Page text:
Doing it for/vs Daddy

It’s one of Africa’s oldest archetypes: The Daddy’s Boy. Groomed by their powerful fathers to continue the family dynasty – be it in businesses or politics, they’re the lifeblood of exclusive international schools around the continent (e.g. British School of Lomé (BSL), Togo) and are typically rich, soft and spoiled – just check out BSL’s Sunday Bunch to get a taste of the lifestyle.

We explore this archetype:

Riffing of John van de Ruit’s internationally best selling novel (and now movie) Spud – Ruit diarises the on-goings at one of South Africa’s elite boys only private boarding school during apartheid – but there’s a way bigger, wilder story beyond South Africa’s white borders (and boarders).

What happens when these boys rebel? – e.g. the oedipal underpinning of the “Underwear Bomber” (he rose to fame in 2009 but reflects a bigger trend: rich daddy, posh school = spoilt kid = “I’m gonna show my daddy. One day.”)

The dynasties – kids groomed to take over from Daddy – from the Teodoro Obiang dynasty to Faure Gnassingbe in Togo, Ali Ben Bongo in Gabon etc

The orphans: the Daddy’s Boys stand in sharp contrast to the “Young Lions” – a crew of “orphans” who are beating and cheating a system gone rancid. With the corrupt “old fathers” refusing to get out of the way, and with all the old channels to success—emigration, foreign study, state employment, family connections—blocked, the new hero is a young trickster with a talent for self-promotion. The model is no longer the formal bureaucratic style of the colonizer; it’s the loud, unrestrained style of The Young Patriots, who seized power in Côte d’Ivoire at the beginning of the decade and the party-heavy attitude of South African ANC Youth League President Julius Malema, who “rulez” in the post-Mbeki era. Inspired by popular music – from kwaito to American hip-hop they’re leading a new “populist” charge on power.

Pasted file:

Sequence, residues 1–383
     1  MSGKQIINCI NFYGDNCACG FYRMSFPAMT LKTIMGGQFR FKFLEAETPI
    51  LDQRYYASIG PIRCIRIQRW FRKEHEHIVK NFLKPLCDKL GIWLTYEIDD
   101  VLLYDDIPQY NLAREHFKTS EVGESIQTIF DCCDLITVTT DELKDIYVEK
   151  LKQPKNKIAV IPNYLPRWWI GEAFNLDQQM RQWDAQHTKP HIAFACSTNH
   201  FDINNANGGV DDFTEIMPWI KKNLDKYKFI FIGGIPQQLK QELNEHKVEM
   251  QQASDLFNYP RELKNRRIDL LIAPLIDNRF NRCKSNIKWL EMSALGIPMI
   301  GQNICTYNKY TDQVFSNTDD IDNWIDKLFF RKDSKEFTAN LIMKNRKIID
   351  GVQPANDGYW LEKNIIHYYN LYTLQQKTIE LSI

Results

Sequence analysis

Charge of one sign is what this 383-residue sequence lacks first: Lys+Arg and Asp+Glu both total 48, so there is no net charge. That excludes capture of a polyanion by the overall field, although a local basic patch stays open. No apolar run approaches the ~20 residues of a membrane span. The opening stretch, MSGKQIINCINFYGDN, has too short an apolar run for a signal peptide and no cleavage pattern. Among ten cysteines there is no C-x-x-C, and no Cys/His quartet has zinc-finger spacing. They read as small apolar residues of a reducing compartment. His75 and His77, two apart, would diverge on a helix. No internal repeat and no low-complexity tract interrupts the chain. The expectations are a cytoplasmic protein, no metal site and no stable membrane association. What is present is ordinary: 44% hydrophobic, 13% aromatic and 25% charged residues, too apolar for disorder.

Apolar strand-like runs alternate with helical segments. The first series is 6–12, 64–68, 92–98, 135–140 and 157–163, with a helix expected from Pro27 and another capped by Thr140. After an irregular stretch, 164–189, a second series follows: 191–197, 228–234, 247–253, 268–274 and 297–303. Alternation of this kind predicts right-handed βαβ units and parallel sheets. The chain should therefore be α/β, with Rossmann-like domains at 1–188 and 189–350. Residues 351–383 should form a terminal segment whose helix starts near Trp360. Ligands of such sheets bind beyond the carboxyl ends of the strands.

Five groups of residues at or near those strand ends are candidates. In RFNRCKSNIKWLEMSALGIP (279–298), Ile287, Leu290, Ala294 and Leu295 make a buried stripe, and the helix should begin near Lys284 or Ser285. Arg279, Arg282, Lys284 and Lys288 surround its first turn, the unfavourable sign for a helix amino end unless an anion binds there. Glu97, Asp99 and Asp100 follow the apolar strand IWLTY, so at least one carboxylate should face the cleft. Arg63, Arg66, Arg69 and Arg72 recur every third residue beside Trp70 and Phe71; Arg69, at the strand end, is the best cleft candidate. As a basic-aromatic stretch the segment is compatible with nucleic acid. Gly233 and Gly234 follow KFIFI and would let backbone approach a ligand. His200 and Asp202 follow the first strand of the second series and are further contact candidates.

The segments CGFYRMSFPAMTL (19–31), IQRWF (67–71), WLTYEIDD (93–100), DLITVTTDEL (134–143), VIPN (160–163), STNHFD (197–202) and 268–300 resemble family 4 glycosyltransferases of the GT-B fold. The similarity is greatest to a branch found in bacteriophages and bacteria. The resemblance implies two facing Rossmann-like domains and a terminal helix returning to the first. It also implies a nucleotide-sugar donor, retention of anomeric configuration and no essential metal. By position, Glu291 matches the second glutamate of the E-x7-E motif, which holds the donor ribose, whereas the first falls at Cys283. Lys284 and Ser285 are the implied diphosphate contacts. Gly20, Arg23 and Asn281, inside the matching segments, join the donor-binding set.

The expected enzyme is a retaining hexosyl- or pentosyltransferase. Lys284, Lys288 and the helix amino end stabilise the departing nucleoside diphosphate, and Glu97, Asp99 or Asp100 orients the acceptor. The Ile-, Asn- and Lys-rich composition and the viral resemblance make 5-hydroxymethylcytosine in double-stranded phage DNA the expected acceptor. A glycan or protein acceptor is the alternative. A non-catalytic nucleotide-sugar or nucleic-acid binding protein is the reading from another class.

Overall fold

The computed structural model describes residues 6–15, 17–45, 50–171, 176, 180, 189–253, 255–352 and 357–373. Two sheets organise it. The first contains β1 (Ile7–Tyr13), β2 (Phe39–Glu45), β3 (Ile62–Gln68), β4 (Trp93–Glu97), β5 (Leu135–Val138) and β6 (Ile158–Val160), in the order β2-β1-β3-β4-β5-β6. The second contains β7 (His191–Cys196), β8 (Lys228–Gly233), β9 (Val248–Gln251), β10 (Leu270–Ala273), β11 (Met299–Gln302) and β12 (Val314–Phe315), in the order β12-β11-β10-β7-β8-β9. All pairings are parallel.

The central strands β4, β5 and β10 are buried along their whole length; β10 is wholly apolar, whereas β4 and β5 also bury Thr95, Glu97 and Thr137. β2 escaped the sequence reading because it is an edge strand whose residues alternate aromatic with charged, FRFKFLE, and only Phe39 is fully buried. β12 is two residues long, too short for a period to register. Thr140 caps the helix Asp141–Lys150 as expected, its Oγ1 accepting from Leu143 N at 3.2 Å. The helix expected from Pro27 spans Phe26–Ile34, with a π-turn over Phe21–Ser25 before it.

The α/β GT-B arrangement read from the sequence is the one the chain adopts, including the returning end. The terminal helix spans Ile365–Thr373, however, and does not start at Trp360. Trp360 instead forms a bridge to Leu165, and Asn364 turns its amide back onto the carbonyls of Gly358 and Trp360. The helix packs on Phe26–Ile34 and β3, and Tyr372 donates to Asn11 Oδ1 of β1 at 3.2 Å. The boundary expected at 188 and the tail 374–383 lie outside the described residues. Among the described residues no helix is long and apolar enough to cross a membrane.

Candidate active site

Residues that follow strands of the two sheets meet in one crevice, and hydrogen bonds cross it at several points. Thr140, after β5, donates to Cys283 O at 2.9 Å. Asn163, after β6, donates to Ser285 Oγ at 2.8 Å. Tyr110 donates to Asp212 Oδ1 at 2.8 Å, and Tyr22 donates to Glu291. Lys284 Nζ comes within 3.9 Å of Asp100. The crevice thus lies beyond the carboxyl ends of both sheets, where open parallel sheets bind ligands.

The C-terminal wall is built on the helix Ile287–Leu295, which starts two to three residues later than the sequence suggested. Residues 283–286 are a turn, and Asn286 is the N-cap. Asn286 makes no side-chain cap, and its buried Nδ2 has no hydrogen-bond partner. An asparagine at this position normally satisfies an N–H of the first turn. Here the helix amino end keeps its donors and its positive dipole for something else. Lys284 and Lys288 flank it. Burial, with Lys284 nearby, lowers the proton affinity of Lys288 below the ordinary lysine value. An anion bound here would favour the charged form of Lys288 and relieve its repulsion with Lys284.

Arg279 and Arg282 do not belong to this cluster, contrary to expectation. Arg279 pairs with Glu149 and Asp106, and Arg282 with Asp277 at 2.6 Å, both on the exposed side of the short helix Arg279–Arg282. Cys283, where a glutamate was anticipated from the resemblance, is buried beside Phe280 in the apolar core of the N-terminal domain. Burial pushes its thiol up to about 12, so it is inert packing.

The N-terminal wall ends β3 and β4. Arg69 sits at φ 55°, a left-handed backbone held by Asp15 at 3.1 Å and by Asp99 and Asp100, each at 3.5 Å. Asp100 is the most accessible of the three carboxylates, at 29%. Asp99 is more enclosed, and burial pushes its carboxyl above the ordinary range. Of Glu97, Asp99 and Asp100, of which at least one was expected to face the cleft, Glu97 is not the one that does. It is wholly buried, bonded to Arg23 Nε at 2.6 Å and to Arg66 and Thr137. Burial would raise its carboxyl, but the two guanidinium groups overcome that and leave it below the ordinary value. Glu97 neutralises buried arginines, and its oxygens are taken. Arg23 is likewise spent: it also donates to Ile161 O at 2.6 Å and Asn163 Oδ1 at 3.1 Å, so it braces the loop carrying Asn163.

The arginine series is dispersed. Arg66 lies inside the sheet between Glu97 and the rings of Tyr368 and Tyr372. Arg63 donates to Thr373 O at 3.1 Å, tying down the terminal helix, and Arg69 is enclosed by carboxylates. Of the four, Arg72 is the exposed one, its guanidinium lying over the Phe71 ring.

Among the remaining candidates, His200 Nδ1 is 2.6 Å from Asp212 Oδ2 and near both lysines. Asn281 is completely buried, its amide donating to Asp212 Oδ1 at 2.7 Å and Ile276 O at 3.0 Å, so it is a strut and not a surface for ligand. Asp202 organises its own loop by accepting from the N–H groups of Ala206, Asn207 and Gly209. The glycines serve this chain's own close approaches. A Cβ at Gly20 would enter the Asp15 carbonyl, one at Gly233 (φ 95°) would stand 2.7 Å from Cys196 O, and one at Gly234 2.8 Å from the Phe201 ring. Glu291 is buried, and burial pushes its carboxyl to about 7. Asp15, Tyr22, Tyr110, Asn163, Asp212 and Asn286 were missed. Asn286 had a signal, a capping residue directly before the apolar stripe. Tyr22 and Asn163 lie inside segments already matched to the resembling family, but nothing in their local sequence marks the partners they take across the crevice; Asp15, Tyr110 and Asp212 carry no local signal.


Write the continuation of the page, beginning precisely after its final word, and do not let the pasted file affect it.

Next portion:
What defines the current relationship between fathers and sons around the continent? As Jeremy Weate points out here, the question of how much parental consultation a son should indulge in can be seen as an index of transformation in any society. “I have heard Nigerian guys call their father Sir, Major, Chairman etc,” write Weate from Nigeria, “I’m not sure I’ve heard a Nigerian call his father ‘Dad’ – ‘popsie’ seems to be the closest we get to an intimate nomination. The general trend seems to be one of Command and Control. The interesting question is what these guys will want their sons to call them.”

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